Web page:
Wednesday, February 5, 2014

One-Room Nation, Part 1

Prairie School No. 1, Sheldon, IA.

All in One Room

Imagine that you’ve been transported in time to the early 1900s. You attend a school where everyone studies and works together. You’re all in one room, and you’ve only got one teacher. The students are all ages, all sizes—from kindergartners to eighth graders. But there aren’t very many of you, probably not more than thirty. Maybe only a handful.

The walls of your school might be made of brick, logs, sawn lumber, sod, or adobe, but there are only four of them, with a roof on top, some windows, and a door or two.

The outhouse at Honey Creek School,
Monroe County, IN
A few things that you are used to finding at school are missing. This one-room building has no indoor plumbing. The bathroom is a strange, smelly boxlike building over a hole near the schoolyard. (Bring your own toilet paper or learn to use leaves, old magazine pages, and corncobs.) The sink and drinking fountain are a pump nearby.

Inside your school, there’s no electricity. That’s right—no lights or fans or computers. And no furnace. Just stove in the middle of the room, with a pile of dried corncobs for starting a fire, and wood or coal to keep it going. Maybe your job is to bring in wood for that woodpile, because everybody in this school, right down to the smallest kindergartner, has a job to do.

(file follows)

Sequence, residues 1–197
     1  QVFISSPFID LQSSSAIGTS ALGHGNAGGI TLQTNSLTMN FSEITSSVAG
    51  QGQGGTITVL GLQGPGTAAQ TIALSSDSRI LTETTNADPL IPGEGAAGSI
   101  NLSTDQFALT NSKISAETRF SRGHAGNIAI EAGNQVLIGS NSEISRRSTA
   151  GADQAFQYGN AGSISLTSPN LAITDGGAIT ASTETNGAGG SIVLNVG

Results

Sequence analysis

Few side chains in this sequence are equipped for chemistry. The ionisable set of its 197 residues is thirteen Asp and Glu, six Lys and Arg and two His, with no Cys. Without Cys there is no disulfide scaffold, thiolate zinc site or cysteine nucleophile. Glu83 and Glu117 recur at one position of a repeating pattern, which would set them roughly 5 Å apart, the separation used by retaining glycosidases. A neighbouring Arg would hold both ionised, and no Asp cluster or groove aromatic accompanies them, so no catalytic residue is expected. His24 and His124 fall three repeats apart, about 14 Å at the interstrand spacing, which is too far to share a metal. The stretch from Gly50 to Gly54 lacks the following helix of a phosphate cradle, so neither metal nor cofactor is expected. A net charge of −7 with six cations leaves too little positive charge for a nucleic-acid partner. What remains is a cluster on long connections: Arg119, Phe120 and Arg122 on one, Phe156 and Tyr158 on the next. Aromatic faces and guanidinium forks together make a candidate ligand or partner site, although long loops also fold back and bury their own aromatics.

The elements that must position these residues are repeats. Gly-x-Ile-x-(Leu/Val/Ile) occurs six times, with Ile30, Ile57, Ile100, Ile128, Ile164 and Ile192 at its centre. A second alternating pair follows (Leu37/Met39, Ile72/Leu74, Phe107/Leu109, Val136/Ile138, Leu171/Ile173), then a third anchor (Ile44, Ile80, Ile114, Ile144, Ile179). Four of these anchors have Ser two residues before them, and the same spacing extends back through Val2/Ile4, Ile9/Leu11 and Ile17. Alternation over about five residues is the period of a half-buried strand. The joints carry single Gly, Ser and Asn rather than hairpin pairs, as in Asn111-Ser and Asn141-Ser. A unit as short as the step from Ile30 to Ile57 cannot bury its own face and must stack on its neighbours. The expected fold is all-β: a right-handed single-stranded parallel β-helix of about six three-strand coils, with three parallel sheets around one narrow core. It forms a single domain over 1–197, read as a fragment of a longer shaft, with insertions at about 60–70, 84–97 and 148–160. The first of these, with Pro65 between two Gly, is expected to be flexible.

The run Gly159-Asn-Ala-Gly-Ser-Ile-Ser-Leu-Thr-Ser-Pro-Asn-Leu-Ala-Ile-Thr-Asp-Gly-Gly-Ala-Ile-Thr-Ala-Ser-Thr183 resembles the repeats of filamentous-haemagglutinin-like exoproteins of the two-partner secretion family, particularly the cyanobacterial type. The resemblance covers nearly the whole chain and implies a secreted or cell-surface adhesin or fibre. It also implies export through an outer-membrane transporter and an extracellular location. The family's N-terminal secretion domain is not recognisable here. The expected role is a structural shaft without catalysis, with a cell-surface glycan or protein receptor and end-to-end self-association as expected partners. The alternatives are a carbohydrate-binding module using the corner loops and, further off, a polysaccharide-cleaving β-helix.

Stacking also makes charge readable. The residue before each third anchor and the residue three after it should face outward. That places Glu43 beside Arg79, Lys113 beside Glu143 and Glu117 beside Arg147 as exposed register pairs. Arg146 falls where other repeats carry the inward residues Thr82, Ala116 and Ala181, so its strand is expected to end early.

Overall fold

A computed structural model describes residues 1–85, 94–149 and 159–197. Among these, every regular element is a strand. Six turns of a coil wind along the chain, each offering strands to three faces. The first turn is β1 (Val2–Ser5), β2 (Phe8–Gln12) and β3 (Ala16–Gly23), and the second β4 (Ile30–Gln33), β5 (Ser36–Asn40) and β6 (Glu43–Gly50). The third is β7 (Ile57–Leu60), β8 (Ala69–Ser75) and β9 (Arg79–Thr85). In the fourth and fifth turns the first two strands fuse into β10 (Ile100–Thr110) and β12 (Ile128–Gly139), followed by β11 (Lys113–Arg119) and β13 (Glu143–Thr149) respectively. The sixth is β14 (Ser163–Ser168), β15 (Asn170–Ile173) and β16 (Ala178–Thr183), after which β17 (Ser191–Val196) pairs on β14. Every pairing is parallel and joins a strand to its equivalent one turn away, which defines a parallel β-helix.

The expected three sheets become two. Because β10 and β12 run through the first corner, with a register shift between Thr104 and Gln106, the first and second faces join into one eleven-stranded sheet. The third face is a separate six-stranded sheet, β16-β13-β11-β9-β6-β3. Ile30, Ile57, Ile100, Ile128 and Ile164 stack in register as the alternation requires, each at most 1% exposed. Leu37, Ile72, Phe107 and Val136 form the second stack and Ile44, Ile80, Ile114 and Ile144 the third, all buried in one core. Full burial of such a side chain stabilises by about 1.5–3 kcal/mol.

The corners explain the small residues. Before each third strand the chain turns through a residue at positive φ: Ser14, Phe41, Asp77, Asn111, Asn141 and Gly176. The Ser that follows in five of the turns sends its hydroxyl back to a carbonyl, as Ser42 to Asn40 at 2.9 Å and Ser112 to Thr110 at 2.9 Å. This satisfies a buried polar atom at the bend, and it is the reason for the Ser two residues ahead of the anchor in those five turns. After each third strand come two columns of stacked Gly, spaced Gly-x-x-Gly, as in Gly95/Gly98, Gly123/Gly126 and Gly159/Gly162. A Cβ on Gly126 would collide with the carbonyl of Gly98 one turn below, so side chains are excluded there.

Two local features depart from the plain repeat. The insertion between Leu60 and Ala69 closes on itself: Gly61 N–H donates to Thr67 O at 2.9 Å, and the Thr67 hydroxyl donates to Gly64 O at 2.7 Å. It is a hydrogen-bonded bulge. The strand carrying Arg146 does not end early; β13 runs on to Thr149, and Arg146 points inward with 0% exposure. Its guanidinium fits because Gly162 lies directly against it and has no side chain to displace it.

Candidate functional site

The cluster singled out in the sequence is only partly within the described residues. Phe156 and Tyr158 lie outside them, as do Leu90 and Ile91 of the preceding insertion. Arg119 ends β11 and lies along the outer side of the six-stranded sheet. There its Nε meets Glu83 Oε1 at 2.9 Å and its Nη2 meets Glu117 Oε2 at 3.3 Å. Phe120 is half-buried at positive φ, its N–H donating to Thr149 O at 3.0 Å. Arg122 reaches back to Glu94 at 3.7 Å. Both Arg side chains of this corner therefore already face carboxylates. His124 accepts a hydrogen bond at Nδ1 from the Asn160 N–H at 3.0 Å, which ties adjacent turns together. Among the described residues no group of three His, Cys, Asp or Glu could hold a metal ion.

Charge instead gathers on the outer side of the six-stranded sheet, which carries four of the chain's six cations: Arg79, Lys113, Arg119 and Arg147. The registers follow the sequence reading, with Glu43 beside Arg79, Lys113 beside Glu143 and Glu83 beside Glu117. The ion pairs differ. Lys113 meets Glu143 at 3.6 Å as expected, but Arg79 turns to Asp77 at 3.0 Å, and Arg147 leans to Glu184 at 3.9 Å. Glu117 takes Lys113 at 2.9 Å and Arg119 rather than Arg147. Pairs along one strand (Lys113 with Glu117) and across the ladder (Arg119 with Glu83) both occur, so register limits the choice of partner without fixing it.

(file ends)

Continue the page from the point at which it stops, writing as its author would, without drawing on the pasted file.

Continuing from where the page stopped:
Herbert Blessing attended a one-room school in York Township, PA, from 1929 to 1938, walking about a mile each way. Like the other students, he had a regular schoolhouse chore: 

“I was the fireman. We had a pot-bellied stove for heat. I went about an hour and a half early each day to get the school warm.”

Was he chilly for that first hour and a half? You bet. But everyone else arriving in the morning found a toasty schoolhouse—a lovely thought for a cold winter’s day.

NOTES: The quotation from Herbert Blessing is from “Mark’s School—Herbert Blessing,” York Daily Record, York, PA, May 18, 2007.

Could you survive in a one-room schoolhouse eighty or one hundred years ago? One-Room Nation, an on-going segment of the Story-Slinger blog, will try to answer that question in a few dozen posts. Unless otherwise noted, the text and photos in One-Room Nation are the property of the blogger, so please contact the Story-Slinger if you wish to use them.


  1. Great post, GS. I sent it to my mother, who went to a one-room schoolhouse in Hartington, Nebraska. She said you captured the way it was.

  2. Thanks, Jill! Let her know I'll be posting more on country schools like the one she went to.

  3. I attended a one room school for two years in rural Minnesota. My brother and I took the short cut through a corn field which became deeply muddy in the spring. On very cold winter days we pulled our desks around the wood burning stove for warmth. Every Friday our teacher read a chapter from the Laura Wilder series. I have very fond memories of my time there.
    Patti K.

  4. Patti--Thanks for sharing your memories! I love the idea of pulling desks and chairs around the stove to keep warm. Especially today, when it's so cold out! BRRRR